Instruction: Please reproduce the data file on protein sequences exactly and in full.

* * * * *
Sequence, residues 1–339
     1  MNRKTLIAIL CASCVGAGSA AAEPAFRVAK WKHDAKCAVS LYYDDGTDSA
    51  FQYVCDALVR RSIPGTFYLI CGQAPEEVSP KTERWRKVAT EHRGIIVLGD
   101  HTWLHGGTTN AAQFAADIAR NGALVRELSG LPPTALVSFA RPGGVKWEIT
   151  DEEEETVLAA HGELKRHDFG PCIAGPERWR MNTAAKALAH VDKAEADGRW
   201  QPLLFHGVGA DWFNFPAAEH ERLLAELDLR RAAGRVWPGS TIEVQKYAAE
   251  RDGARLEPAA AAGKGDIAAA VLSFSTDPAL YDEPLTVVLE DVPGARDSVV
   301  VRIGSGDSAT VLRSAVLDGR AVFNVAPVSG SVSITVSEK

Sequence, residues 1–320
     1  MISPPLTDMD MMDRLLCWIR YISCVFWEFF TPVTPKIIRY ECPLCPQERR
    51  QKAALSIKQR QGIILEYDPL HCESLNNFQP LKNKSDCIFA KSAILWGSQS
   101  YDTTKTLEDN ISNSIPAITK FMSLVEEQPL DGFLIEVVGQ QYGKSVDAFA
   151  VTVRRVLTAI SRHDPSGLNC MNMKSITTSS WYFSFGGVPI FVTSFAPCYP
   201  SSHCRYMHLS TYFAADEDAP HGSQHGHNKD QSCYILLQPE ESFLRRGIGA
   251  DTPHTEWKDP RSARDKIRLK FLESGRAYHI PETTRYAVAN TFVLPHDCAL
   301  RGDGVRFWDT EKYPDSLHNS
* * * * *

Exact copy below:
Sequence, residues 1–339
     1  MNRKTLIAIL CASCVGAGSA AAEPAFRVAK WKHDAKCAVS LYYDDGTDSA
    51  FQYVCDALVR RSIPGTFYLI CGQAPEEVSP KTERWRKVAT EHRGIIVLGD
   101  HTWLHGGTTN AAQFAADIAR NGALVRELSG LPPTALVSFA RPGGVKWEIT
   151  DEEEETVLAA HGELKRHDFG PCIAGPERWR MNTAAKALAH VDKAEADGRW
   201  QPLLFHGVGA DWFNFPAAEH ERLLAELDLR RAAGRVWPGS TIEVQKYAAE
   251  RDGARLEPAA AAGKGDIAAA VLSFSTDPAL YDEPLTVVLE DVPGARDSVV
   301  VRIGSGDSAT VLRSAVLDGR AVFNVAPVSG SVSITVSEK

Sequence, residues 1–320
     1  MISPPLTDMD MMDRLLCWIR YISCVFWEFF TPVTPKIIRY ECPLCPQERR
    51  QKAALSIKQR QGIILEYDPL HCESLNNFQP LKNKSDCIFA KSAILWGSQS
   101  YDTTKTLEDN ISNSIPAITK FMSLVEEQPL DGFLIEVVGQ QYGKSVDAFA
   151  VTVRRVLTAI SRHDPSGLNC MNMKSITTSS WYFSFGGVPI FVTSFAPCYP
   201  SSHCRYMHLS TYFAADEDAP HGSQHGHNKD QSCYILLQPE ESFLRRGIGA
   251  DTPHTEWKDP RSARDKIRLK FLESGRAYHI PETTRYAVAN TFVLPHDCAL
   301  RGDGVRFWDT EKYPDSLHNS